By Frank Landis, Chair Conservation Committee
If you’ve been to a chapter general meeting in, well, the last few years, you’ve probably heard me make a lame joke about wearing many hats in CNPSSD. Here I’ve got news for most of the hats. Rather than just writing about conservation, I’m going to write about all of them, to save some newsletter column space.
Chapter Council: State News
As not enough of you know, our parent society, CNPS, has a bicameral governance structure. On one hand, we’ve got the standard state board of directors necessary for any non-profit. On the other, because we have 35 chapters ranging from the redwoods of the North Coast to the chaparral of Baja California, we also have the Chapter Council, where representatives of each chapter get together to talk and hash out policy forthe organization. I’m San Diego’s representative to the Chapter Council.
So, here’s news from the Chapter Council.
First, memberships will be going up in April 2019, thefirst raise since, well, forever. I’m not sure it’s finalized, but the proposal I heard was $25 for limited income (no change), $50 for an individual membership, and $10/month if you’re a supporter and want multiple membership cards per household. A $5 increase in the individual membership makes sense, since it’s been $45for as long as I can remember. Assuming my memory is correct (hah!), if I paid $45 for membership in 1995, adjusting for inflation, I should be paying $74.21 in 2018, not $50. A $5 increase seems reasonable to me.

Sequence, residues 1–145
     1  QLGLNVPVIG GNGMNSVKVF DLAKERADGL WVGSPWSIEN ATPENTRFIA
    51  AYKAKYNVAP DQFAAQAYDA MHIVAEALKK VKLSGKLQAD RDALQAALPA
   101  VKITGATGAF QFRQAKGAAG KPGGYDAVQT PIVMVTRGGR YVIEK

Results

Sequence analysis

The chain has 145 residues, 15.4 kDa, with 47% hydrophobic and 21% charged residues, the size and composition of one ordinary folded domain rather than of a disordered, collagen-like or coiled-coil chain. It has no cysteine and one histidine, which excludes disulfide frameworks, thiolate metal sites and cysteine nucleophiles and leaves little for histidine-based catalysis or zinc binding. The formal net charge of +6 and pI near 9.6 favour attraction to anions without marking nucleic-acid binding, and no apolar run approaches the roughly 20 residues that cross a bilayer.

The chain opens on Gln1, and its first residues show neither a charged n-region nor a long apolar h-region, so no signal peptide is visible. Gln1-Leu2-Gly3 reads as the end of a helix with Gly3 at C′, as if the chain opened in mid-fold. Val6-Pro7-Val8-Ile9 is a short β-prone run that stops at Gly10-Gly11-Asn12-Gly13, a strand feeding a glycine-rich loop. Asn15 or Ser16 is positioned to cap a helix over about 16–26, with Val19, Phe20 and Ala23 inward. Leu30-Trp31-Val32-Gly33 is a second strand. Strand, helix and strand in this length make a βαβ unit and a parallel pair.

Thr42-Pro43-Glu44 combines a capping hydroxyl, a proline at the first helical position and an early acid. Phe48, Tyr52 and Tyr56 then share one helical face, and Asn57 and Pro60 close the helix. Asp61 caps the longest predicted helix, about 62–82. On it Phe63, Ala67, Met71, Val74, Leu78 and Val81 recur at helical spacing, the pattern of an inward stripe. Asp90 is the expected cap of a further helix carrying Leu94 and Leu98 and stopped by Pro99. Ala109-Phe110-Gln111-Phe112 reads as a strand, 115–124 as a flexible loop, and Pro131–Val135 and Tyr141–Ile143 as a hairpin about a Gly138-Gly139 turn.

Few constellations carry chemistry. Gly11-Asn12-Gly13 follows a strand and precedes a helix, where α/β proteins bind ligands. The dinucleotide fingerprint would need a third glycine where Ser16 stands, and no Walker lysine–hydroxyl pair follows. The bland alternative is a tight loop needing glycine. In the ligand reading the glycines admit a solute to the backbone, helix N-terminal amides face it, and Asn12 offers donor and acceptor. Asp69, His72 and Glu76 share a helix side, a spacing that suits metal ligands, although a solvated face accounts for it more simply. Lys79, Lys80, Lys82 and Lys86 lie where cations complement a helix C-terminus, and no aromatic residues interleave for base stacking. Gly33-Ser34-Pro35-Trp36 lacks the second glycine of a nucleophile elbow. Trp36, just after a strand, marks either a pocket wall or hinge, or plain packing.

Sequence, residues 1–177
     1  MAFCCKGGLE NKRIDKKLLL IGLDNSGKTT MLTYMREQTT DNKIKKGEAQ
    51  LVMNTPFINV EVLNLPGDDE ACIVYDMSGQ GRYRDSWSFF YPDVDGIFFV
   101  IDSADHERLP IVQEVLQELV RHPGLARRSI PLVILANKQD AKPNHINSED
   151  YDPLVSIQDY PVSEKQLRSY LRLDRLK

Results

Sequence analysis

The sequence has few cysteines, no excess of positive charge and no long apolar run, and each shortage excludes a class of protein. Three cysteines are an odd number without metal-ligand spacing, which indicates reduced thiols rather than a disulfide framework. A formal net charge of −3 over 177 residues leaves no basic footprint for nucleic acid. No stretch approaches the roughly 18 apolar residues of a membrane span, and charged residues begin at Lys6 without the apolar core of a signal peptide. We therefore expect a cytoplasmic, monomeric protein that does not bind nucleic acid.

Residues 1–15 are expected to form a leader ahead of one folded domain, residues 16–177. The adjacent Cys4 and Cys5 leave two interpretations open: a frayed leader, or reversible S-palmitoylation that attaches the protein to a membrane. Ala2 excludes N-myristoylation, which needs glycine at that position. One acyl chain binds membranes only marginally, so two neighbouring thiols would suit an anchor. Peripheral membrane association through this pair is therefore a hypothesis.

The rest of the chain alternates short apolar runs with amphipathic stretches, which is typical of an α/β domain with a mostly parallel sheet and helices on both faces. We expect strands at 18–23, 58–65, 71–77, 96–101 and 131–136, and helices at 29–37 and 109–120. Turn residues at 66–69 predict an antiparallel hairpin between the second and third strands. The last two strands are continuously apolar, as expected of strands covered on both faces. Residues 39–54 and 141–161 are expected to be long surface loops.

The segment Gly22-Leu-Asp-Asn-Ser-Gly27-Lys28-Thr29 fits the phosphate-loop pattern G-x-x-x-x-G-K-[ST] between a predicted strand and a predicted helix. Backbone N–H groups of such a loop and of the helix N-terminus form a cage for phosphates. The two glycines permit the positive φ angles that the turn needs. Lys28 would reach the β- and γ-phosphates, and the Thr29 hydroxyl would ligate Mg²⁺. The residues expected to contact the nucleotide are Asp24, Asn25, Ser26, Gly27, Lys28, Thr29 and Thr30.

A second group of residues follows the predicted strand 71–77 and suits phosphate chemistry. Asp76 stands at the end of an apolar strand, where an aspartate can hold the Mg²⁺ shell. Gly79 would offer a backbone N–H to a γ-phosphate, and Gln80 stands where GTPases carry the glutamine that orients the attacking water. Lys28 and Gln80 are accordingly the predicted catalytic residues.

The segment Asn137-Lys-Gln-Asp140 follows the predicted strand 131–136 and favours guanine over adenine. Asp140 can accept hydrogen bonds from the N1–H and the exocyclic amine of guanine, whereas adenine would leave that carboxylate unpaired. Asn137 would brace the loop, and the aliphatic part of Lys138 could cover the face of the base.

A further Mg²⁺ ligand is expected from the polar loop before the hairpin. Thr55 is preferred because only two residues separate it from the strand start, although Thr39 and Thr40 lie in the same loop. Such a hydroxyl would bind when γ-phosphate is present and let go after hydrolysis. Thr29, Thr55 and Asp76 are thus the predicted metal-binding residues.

I also understand that CNPS will be doing away with $75 family memberships. While this annoys me (we have that membership), the current setup for a family membership is problematic. To pick one example, due to a quirk of the membership renewal, which only puts one name on the “family” membership. Thus, my wife,our hospitality chair, isn’t acknowledged as a CNPSmember, even though she puts in hundreds of hours per year as a CNPS volunteer. Then again, due to inflation, a family membership has the purchasing power of anindividual membership 20 years ago, so there’s somejustice in reworking the system.
I’m not sure these are the final prices, but since every member will be affected, I wanted to provide early notice that prices will be going up next year.
Despite the static membership prices, state CNPS has become adept at getting grants and such, so the state staff and state programs have expanded dramatically. We now have four people doing conservation, seven people doing rare plants, and expansions in other staff. Along with that expansion, state CNPS is working on programs like the statewide Important Plants Area, botanist certification, and helping to write a big chunk of Jerry Brown’s “California Biodiversity Initiative,” published September 7, 2018 (http://opr.ca.gov/docs/20180907-CaliforniaBiodiversityActionPlan.pdf). State CNPS has also been quite active in climate change issues, dealing with desert solar, rare plant treasure hunts, working to get a botanist certification program up, and running Calscape, to name just a few activities.